243565 An implementer's toolkit: Practical lessons learned about how to effectively integrate community health workers into care management programs

Tuesday, November 1, 2011

Sarah Zaman , Harvard Medical School, Boston, MA
Clemens Hong, MD/MPH , General Medicine Division, Massachusetts General Hospital, Boston, MA
Heidi Behforouz, MD , Department of Medicine/Division of Social Medicine and Health Inequalities, Brigham and Women's Hospital, Boston, MA
Wan-Ju Wu , University of Medicine & Dentistry of New Jersey, Robert Wood Johnson Medical School, Camden, NJ
David Elvin, MD , Department of Medicine, Cambridge Health Alliance, Cambridge, MA
Decades ago, pediatricians launched patient-centered medical home programs to provide integrated care for medically complex children. But the model has evolved, and in the context of healthcare reform, primary care systems are now searching for innovative ways to apply medical home principles to all patient care. The Prevention and Access to Care and Treatment (PACT) Project, which provides CHW-centered care to complex patients, recently helped implement a pilot pediatric care management program for high-risk Medicaid patients. This program's interdisciplinary team works hand-in-hand with primary care providers to offer integrated support to complex families. Five team members a nurse practitioner, two licensed mental health specialists, and two CHWs provide 700 children with home-based and telephonic care. The team supports pediatricians by providing comprehensive care between medical visits including coordination, navigation, self-management education, and behavioral health support. Through the lens of this innovative program, we describe practical implementation tools that facilitated success. We highlight strategies that helped CHWs integrate into an interdisciplinary team, including cumulative hiring and team-based training. We discuss program features that clarified the CHW role and empowered team members to work at the top of their skillsets including quality-improvement meetings, co-location, and patient-centered sub-teams. Finally, we describe activities that promoted integration with practices and hospitals including close partnerships with pediatricians via jointly-developed care plans, and involvement of physician thought-leaders in program design. Thoughtful program design can promote effective implementation of care management programs where CHWs are integral, and interdisciplinary synergies are actively nurtured.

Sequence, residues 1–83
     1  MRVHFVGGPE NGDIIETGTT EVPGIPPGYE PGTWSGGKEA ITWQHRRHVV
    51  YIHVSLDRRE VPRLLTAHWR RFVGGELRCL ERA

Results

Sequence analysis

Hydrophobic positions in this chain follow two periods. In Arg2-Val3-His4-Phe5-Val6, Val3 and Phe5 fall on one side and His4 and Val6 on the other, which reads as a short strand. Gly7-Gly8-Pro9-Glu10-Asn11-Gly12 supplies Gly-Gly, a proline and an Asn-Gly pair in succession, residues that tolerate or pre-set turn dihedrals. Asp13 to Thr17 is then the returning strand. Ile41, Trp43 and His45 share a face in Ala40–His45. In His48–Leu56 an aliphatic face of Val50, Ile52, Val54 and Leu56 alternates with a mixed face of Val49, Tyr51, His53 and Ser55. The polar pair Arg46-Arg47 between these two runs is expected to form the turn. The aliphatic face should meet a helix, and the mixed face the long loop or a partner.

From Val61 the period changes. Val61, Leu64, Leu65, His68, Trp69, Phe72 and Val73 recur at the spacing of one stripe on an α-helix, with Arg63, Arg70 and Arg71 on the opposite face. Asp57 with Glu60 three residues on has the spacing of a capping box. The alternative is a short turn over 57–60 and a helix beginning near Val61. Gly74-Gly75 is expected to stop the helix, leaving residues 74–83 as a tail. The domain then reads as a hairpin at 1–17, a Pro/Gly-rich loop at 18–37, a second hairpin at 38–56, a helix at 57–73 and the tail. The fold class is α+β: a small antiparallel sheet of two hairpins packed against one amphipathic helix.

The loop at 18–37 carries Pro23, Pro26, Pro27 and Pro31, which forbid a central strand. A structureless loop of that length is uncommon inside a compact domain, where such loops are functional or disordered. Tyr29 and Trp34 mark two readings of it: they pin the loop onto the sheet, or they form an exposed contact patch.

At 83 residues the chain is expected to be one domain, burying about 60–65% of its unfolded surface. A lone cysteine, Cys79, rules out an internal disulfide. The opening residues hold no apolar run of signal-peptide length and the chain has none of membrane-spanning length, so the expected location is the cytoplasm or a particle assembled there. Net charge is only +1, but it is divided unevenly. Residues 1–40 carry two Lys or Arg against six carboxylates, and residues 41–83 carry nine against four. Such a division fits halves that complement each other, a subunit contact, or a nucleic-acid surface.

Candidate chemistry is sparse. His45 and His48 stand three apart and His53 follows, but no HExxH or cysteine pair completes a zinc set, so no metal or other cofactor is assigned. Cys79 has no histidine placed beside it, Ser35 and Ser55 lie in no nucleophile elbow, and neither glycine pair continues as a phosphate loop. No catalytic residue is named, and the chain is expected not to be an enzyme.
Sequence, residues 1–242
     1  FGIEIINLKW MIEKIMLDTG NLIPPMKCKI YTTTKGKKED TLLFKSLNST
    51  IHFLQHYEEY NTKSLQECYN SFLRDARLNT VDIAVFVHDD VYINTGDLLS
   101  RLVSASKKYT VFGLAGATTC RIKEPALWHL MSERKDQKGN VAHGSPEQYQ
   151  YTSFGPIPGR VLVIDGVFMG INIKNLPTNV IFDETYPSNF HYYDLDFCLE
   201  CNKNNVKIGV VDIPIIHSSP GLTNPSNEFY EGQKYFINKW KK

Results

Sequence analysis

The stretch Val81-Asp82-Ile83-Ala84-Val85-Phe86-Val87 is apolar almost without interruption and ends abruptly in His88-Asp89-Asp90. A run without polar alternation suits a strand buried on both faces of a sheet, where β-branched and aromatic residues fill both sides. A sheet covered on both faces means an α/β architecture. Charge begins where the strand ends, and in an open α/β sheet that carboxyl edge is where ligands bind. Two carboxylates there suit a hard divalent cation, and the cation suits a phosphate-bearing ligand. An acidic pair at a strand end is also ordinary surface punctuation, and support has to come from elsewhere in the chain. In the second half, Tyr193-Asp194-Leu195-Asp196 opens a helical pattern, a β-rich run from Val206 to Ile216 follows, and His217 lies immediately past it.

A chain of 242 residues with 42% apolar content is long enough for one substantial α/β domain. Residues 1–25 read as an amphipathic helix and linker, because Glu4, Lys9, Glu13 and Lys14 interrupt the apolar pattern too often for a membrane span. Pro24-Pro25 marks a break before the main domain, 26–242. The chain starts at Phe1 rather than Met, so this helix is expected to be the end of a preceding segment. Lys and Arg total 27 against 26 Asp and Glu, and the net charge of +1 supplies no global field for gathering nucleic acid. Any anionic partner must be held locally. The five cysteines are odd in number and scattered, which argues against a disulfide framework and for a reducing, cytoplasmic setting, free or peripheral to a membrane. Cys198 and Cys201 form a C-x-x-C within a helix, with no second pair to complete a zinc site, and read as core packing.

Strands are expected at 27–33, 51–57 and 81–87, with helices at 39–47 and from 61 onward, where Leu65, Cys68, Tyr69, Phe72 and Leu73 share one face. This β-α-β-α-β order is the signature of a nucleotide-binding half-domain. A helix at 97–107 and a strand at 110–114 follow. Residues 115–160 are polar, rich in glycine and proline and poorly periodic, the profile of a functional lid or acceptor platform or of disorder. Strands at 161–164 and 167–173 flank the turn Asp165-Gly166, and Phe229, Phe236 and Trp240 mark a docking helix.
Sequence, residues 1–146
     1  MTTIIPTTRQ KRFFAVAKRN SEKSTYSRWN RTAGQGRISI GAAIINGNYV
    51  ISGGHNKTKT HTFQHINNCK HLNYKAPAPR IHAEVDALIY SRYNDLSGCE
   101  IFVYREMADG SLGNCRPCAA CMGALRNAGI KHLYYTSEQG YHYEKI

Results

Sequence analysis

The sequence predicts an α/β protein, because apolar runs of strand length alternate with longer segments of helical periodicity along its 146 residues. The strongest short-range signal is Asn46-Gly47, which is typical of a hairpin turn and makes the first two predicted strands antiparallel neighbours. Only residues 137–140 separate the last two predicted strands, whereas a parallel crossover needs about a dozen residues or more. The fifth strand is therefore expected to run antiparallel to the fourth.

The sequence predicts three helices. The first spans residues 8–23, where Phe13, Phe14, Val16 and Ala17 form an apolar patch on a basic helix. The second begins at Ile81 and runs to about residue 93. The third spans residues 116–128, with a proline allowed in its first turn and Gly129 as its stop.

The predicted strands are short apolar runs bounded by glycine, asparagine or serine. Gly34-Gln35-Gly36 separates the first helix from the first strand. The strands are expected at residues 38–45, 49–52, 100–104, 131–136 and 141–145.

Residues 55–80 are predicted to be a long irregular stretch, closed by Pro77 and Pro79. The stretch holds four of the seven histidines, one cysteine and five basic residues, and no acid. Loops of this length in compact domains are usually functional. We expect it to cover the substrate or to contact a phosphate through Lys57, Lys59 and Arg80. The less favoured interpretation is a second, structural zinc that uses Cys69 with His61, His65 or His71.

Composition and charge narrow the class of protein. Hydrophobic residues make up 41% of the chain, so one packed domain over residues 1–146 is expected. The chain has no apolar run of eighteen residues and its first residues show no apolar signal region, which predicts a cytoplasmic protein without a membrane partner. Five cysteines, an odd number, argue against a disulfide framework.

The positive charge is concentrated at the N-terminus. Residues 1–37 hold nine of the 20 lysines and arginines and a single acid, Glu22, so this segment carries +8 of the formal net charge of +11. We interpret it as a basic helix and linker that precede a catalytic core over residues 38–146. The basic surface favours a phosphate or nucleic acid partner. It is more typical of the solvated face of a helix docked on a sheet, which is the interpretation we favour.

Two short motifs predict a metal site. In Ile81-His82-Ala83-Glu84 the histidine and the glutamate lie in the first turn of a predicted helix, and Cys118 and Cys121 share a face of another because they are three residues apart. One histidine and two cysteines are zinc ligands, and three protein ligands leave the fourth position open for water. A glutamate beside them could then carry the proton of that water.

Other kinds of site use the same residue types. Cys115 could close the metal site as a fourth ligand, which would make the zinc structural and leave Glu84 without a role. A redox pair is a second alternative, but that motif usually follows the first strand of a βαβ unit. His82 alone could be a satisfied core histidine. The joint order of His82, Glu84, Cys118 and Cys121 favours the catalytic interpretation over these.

Learning Areas:
Chronic disease management and prevention
Implementation of health education strategies, interventions and programs
Program planning

Learning Objectives:
(1) Describe a best-practice care management program that integrates CHWs. (2) Discuss program design strategies that supported successful CHW integration into an interdisciplinary care management team. (3) Discuss program activities that promoted engagement and integration with primary care practices and hospital systems.

Keywords: Children and Adolescents, Health Care Restructuring

Presenting author's disclosure statement:

Qualified on the content I am responsible for because: As a project lead, I managed the pediatric program's design and year one implementation.
Any relevant financial relationships? No

I agree to comply with the American Public Health Association Conflict of Interest and Commercial Support Guidelines, and to disclose to the participants any off-label or experimental uses of a commercial product or service discussed in my presentation.